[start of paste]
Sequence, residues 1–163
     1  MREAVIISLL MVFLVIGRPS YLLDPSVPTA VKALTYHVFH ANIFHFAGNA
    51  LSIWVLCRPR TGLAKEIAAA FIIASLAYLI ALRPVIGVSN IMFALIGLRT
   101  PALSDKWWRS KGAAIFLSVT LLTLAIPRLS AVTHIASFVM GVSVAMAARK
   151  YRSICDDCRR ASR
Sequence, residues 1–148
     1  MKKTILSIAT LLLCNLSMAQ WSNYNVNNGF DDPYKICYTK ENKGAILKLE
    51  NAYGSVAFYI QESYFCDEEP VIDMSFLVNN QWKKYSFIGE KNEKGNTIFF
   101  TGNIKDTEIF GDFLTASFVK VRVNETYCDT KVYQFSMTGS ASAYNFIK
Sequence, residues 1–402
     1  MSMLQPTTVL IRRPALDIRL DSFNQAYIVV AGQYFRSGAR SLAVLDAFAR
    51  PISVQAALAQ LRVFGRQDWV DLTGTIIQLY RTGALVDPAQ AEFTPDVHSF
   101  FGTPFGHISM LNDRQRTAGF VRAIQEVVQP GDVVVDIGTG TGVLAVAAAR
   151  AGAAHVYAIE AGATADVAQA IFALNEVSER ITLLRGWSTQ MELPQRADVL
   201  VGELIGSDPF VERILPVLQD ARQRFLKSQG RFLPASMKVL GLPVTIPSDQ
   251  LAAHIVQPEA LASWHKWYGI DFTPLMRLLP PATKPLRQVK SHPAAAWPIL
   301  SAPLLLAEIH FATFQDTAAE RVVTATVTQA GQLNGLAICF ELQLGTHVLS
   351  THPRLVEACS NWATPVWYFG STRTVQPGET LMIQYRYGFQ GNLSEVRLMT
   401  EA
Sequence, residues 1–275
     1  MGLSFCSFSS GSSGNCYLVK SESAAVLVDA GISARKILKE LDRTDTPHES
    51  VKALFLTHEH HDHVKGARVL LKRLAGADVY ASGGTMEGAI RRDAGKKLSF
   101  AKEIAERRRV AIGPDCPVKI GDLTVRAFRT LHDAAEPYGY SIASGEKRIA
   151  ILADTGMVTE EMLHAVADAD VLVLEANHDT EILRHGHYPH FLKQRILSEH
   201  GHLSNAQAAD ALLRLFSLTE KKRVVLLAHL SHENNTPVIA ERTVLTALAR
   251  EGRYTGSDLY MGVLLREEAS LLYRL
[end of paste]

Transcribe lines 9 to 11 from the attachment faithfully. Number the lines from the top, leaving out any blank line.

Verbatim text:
   101  TGNIKDTEIF GDFLTASFVK VRVNETYCDT KVYQFSMTGS ASAYNFIK
Sequence, residues 1–402
     1  MSMLQPTTVL IRRPALDIRL DSFNQAYIVV AGQYFRSGAR SLAVLDAFAR